For years, representatives of a local wheelchair manufacturer have traveled as far away as Alaska and Puerto Rico to help athletes competing in the annual National Veterans Wheelchair Games. • This year, for the first time, they got to stay close to home. • Pinellas Park-based Top End and its parent company, Invacare, served as national host sponsor for the games held July 13-18 in Tampa. Central to the role was ensuring all the sports wheelchairs and handcycles were in prime working order.
More than 600 wheelchair athletes from across the United States and Great Britain took part in the 33rd annual games. Veterans competed in 18 medal events from basketball and bowling to table tennis and track.
In preparation, Top End sent crews to Tampa International Airport to get wheelchairs on and off the planes and repair ones damaged during flights, which happens quite often. During the competitions, the company had fix-it stations at every event stocked with spare tires, wheels, brakes, spokes, seat straps and anything else needed to get someone back in the game.
"When someone is using a chair for mobility, if it isn't moving properly, they can't move," said Mary Carol Peterson, Top End's marketing and customer service manager.
The games attracted athletes ages 18 to 90 who use wheelchairs as a result of a spinal cord injury, certain neurological conditions, amputations or other mobility impairments. Participants ranged from veterans recently injured in Iraq or Afghanistan to veterans of World World II.
Top End supplied many of the sports wheelchairs. Each chair is custom-made at its 15,000-square-foot factory in an industrial pocket of Pinellas Park by a 30-member team of welders, painters, upholsterers, assemblers and office staff.
Founded by Chris Peterson, the company designs, manufacturers and markets sports wheelchairs and handcycles that retail for $2,300 for a basic recreational wheelchair to $12,000 for a competition handcycle with carbon wheels. In 1993, Top End was acquired by Invacare Corp., a publicly traded medical equipment manufacturer headquartered in Elyria, Ohio.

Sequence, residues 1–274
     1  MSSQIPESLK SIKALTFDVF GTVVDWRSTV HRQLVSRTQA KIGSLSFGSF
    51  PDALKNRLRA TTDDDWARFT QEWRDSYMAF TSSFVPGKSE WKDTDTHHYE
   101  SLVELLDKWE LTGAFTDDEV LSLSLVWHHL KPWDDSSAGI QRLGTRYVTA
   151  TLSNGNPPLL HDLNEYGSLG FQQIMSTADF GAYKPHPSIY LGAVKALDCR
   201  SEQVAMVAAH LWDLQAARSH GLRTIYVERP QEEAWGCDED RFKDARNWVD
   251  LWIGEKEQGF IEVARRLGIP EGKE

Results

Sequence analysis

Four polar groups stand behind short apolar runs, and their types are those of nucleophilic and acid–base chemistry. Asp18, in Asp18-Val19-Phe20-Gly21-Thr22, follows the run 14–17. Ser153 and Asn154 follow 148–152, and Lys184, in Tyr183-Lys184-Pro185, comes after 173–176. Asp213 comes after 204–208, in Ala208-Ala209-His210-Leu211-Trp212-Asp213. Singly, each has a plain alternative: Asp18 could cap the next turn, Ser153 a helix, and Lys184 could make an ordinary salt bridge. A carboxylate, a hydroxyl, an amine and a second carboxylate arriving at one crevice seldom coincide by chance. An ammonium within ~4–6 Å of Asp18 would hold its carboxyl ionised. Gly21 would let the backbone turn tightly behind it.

Top End, which produces about 2,500 wheelchairs and handcycles a year, has annual sales of about $8 million and is looking to move into a larger space. Its commitment to the games amounts to about $150,000 a year.
The company's sponsorship raises awareness of its products but also provides a chance to give back to its customers, many of whom served in the military, said Mary Carol Peterson, the founder's wife. Sports wheelchairs can further people's rehabilitation goals and help in their mental and physical recovery.
"We like to say, 'Life doesn't stop when you're in a wheelchair. It just keeps going,' " she said, noting the company's name reflects a person's ultimate performance.
Hosting the games was a coup for the company and the entire Tampa Bay region, said Paul Schulte, a design engineer for Top End and co-captain of the U.S. Paralympics wheelchair basketball team.
"It makes me very proud that our wheelchairs are used in the games," said Schulte, who has a basketball wheelchair named after him. "Some of these athletes are super competitive and some are just getting introduced to a sport."
Cohosted by the James A. Haley VA Medical Center and the Florida Gulf Coast Paralyzed Veterans of America, the games were held at the Tampa Convention Center, Tampa Bay Times Forum, Raymond James Stadium and other area venues. It was just the second time the games were held in Florida. Miami played host in 1991.
Chris Peterson said it was exciting to be able to help with the games in his own back yard. Buying U.S.-made products is a strong appeal for many of the participants.
"These are the Olympics for veterans," he said. "We like to support each other."
Nathalie Reece, logistical manager of the games, said she isn't surprised a company like Invacare/Top End has been a main supporter for all these years.
"Once you have been a part of the games, you become friends and extended families of these people," she said. "It opens your eyes to what you take for granted every day."
Susan Thurston can be reached at [email protected] or (813) 225-3110.